South Africa’s Equality Court Restricts Display Of Country’s Old Apartheid Flag

South Africa’s Equality Court Restricts Display Of Country’s Old Apartheid Flag

By Tony O'Riley-

South Africa’s Equality Court on Wednesday made a landmark ruling by restricting the display of the country’s old apartheid-era flag. The court ruled that its gratuitous use amounts to hate speech and racial discrimination.

Judge Phineas Mojapelo said the ruling was not a complete ban, adding in his comments that the use of the flag is protected by law for artistic, academic, journalistic or other purposes deemed in the public interest. However, Judge Mojapelo indicated that the object of his ruling was to address  the message conveyed in the act of waving the old apartheid flag in today’s legal climate.

The judge condemned those who waive the old flag, and accused them of choosing oppression over liberation. He said:

“Those who display the old flag choose deliberately to not only display the old flag, but also consciously and deliberately choose to not display the new, multiracial flag,” said Mojapelo. “They choose oppression over liberation.”

His ruling was marked with some caution, when he said that those who publicly display the flag should not be arrested, but should face deterrents such as fines or terms of community service.

The orange, white and blue flag of South Africa’s formerly dominant white-minority regime which endorsed one of the worst communities of racial discrimination in history known  as apartheid, was replaced by a new flag  following the majority-rule democracy in 1994.  Objections had been raised after  it was noted that some conservatives and right-wing groups continued to display the apartheid-era flag, notably at political gatherings or sometimes during rugby matches.

The Nelson Mandela Foundation- the custodian of former president Nelson Mandela’s archives and legacy petitioned the court  to  declare a rule that displays of the old flag constitute hate speech and discrimination based on race.

Nelson Mandela is reputed for masterminding the country’s the eventual transformation of South Africa which led  to full-rights for all citizens.  The waving of the old flag is seen to undermine the legacy left by Mandela, and a deliberate attempt to discredit it.

South Africa’s human rights commission added their weight to the application, arguing that those waving the old flag felt nostalgia for the apartheid days. The move to ban the old flag was opposed by Afriforum, a group representing the South Africa’s white Afrikaner minority, which argued that the ban would infringe freedom of speech and expression.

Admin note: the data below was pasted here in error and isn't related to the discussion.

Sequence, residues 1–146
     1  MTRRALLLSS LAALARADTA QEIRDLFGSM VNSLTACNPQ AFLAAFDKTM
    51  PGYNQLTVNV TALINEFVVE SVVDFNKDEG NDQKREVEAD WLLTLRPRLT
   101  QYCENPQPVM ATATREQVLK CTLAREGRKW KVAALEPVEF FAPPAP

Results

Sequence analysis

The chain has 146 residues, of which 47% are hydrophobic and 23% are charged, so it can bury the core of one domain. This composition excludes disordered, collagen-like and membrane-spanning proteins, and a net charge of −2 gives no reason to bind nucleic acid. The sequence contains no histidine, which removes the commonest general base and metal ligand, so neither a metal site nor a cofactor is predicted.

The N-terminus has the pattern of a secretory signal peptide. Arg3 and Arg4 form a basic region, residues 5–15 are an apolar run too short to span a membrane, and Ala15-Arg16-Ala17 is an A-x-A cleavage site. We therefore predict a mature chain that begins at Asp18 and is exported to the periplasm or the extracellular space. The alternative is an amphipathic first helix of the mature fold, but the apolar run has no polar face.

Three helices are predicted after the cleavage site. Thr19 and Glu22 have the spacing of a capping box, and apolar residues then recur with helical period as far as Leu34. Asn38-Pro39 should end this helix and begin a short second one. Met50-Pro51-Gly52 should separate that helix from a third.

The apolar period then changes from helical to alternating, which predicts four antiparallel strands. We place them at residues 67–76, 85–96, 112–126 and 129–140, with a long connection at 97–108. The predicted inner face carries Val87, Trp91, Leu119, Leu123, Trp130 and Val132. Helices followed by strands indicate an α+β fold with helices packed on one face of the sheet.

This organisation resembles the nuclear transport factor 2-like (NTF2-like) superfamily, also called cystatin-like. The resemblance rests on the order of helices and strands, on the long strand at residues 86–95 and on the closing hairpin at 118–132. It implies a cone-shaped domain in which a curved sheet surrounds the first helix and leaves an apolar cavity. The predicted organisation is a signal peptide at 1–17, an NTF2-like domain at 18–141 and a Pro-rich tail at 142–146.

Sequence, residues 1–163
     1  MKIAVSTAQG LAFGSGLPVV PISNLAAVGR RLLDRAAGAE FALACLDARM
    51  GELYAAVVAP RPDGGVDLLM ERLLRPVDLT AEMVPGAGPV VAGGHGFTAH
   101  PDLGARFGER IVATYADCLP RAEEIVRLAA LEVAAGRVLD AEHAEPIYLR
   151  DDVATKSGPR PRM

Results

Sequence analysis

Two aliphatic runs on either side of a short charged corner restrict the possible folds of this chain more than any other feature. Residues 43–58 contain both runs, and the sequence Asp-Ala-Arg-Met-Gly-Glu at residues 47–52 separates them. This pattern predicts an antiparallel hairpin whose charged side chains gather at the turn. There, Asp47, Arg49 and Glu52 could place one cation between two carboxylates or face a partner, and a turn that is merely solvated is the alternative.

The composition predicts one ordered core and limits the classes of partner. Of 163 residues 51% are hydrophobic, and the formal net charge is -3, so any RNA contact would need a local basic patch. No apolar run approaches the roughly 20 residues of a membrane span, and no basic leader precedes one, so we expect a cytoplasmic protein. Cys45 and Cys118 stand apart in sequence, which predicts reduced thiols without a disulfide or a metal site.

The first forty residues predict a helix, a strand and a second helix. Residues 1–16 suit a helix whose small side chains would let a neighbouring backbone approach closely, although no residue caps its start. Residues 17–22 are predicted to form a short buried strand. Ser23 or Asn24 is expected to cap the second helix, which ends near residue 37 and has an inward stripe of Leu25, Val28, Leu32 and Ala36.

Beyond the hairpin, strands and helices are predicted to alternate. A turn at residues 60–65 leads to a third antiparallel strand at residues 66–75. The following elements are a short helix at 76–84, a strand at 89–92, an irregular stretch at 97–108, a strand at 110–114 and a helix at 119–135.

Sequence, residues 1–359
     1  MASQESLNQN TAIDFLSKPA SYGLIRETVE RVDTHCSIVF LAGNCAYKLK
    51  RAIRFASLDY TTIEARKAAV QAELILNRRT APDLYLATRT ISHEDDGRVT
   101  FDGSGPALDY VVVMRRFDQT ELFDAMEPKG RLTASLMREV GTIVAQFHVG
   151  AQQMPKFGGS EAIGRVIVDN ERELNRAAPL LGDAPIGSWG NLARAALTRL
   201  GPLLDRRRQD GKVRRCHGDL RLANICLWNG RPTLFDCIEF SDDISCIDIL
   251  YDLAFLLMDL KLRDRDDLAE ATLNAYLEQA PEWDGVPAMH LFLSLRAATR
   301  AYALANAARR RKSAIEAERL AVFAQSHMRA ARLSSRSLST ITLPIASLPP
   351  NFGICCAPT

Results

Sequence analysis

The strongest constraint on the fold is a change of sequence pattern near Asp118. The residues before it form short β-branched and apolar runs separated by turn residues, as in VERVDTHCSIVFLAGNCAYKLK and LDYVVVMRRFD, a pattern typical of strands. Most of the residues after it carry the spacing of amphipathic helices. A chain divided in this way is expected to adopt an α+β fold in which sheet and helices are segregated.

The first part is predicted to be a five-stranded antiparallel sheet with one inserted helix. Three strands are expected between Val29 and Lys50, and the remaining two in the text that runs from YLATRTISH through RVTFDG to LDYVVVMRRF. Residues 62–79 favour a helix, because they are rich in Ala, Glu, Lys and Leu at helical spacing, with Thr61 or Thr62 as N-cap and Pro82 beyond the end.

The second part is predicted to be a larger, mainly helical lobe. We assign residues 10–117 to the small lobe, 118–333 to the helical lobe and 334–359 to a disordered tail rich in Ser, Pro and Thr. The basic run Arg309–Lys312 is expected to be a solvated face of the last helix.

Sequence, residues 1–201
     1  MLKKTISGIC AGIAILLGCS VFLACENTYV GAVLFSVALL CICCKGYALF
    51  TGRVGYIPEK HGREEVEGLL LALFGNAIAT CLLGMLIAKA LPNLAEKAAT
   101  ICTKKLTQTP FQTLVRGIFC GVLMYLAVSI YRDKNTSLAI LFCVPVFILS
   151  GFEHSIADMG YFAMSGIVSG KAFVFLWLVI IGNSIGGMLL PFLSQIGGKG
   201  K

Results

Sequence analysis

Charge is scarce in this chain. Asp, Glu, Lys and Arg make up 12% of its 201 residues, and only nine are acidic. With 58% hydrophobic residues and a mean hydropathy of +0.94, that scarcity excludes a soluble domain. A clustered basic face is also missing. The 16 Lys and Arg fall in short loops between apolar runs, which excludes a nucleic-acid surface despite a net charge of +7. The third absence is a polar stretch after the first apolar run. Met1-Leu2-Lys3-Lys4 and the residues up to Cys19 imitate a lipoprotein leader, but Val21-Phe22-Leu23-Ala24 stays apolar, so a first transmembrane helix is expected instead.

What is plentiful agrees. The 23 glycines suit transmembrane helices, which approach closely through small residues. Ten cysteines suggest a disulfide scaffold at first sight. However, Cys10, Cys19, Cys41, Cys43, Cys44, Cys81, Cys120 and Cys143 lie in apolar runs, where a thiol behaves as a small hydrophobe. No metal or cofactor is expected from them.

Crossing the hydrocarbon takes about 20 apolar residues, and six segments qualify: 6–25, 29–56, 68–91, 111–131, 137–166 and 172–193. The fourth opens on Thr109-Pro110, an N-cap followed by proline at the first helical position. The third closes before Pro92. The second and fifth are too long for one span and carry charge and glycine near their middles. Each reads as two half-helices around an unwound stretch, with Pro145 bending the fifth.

NATIONAL VICTORY

The ruling was hailed as a “national victory,” by Dakota Legoete, the spokesman for South Africa’s ruling party, the African National Congress. He said the ruling as similar to the banning of the Nazi swastika in Germany.

The Nelson Mandela Foundation welcomed the ruling.

“The judge was clear that we have to work together with others, including Afriforum, to do what the Constitution says we must do,” Mandela Foundation CEO Sello Hatang said at the courthouse immediately after the ruling. “We must be a nation that celebrates our diversity instead of fighting over our differences.”

In a statement, the Mandela Foundation said South Africa “needs an opportunity to heal from the wounds of the past. … This means looking at our history and calling apartheid a crime against humanity and a gross human rights violation. Without recognizing what has happened, we will forever be haunted by our history.”

The foundation said that “gratuitous displays of the old flag express a desire for black people to be relegated to labor reserves, a pining for the killing, the torture, the abductions, a melancholia for the discrimination, the death squads, the curfews and the horrific atrocities committed under the flag.”

Afriforum’s Ernst Roets said his organization is not convinced that displaying the flag amounts to hate speech.

“As Afriforum we do not display the flag and we actively discourage people from displaying the flag,” said Roets. “We cherish freedom of expression and for us displaying the flag is not sufficient ground for hate speech. For it to be hate speech, it must be coupled with a call to action to inflict harm.”

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